This is the third post of a three-part blog series on immunotherapy. If you haven’t read our introductory post on immunotherapy, it can be found here.
Previously, we discussed how immunotherapy may help to boost the body’s immune response. In today’s post, we’ll examine how immunotherapy may help the immune system to identify and fight cancer cells.
Cancer cells, compared to foreign invaders, are more difficult for the immune system to identify and recognize as toxic because they originate from an individual’s own cells. Using drugs to help the immune system attack and fight cancer cells is a fairly new approach, and is based on emerging knowledge about the ways in which the immune system interacts with cancer cells.
Monoclonal antibodies work to make the cancer cells more obvious to the immune system and therefore easier to identify and attack. Monoclonal antibodies are naturally occurring in the body, but the ones used for immunotherapy are made in a laboratory. These monoclonal antibodies are manufactured to identify and attach to a specific defect or characteristic that exist only in cancer cells and are not present in healthy cells. This allows the drug to be delivered directly to the cancer cell.
In multiple myeloma, there are a few antibodies currently used in cancer that may generate an immune response. This includes daratumumab, which is an antibody that received breakthrough therapy designation for patients with multiple myeloma and elotuzumab, which is currently in Phase II and III clinical trials.
Immune check point therapies restore the T-cells’ ability to effectively detect and attack cancers cells. (Read about T-cells in our first blog post on immunotherapy). Every time the immune system is stimulated, there are checkpoints throughout the body to ensure that healthy cells are not harmed. Some cancers block these checkpoints so that the body can’t identify the cancer cells from the healthy cell. Immune check point therapies restore the body’s ability to identify cancer cells as it prevents the cancer cells from blocking the checkpoints.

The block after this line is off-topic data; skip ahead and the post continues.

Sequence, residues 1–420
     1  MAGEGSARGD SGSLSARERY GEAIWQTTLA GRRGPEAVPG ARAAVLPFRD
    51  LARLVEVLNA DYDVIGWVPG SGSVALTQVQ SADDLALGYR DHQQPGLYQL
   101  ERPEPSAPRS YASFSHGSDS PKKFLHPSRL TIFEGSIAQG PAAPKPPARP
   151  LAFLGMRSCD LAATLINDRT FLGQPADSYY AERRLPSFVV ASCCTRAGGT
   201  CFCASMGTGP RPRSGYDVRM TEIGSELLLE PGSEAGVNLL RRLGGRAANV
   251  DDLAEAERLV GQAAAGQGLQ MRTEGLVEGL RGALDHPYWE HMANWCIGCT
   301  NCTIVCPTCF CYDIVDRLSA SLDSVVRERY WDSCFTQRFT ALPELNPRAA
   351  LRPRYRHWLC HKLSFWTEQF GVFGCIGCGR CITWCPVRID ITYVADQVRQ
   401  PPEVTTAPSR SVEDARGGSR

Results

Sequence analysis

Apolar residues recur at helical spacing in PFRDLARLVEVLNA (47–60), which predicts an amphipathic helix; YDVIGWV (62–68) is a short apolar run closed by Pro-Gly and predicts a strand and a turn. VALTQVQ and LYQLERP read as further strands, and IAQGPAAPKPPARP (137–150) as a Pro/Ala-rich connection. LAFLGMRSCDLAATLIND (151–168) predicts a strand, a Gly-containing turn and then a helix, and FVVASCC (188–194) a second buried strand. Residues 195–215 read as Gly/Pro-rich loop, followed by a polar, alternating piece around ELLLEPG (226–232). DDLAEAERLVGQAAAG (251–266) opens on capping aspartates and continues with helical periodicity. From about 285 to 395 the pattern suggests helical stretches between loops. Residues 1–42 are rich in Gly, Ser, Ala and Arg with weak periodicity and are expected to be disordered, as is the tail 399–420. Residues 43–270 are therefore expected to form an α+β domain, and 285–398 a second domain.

Immune check point therapies have been recognized as a promising area of clinical research in multiple myeloma. There are many clinical trials currently underway in myeloma and in blood cancers.
Immunotherapies are being studied in a wide range of cancers, including melanoma, non-small cell lung cancer and multiple myeloma and early clinical data has shown promising results. Despite advancements in research and treatment, relapse is inevitable for multiple myeloma patients, and there is a true need for new approaches to treat it. Immunotherapy is a promising new area of research, especially for patients who are not eligible for a stem cell transplant, due to age or other medical restrictions.
Our research arm, the Multiple Myeloma Research Consortium (MMRC), is funding and researching a pipeline of the most promising therapeutics in multiple myeloma – including immunotherapies. The MMRF brings together leading academic centers with industry partners to conduct highly collaborative Phase I and II clinical trials for treatments for multiple myeloma. Recently, the first clinical trial conducted by the MMRC focused on an immune check point therapy – a type of immunotherapy – launched. We will be sharing more information about this trial in the near future.
Our hope is to eventually provide a broad range of immunotherapy trials to patients diagnosed with multiple myeloma. As we open more clinical trials in immunotherapy, we will be posting information on the MMRF’s website. To make sure that you are kept in the loop regarding new trials, check back for updates on the MMRF’s website.
If you have any questions, would like to know more about immunotherapy clinical trials, or to find out if you are eligible to participate in a trial, please call our nurse hotline at 1-866-603-6628.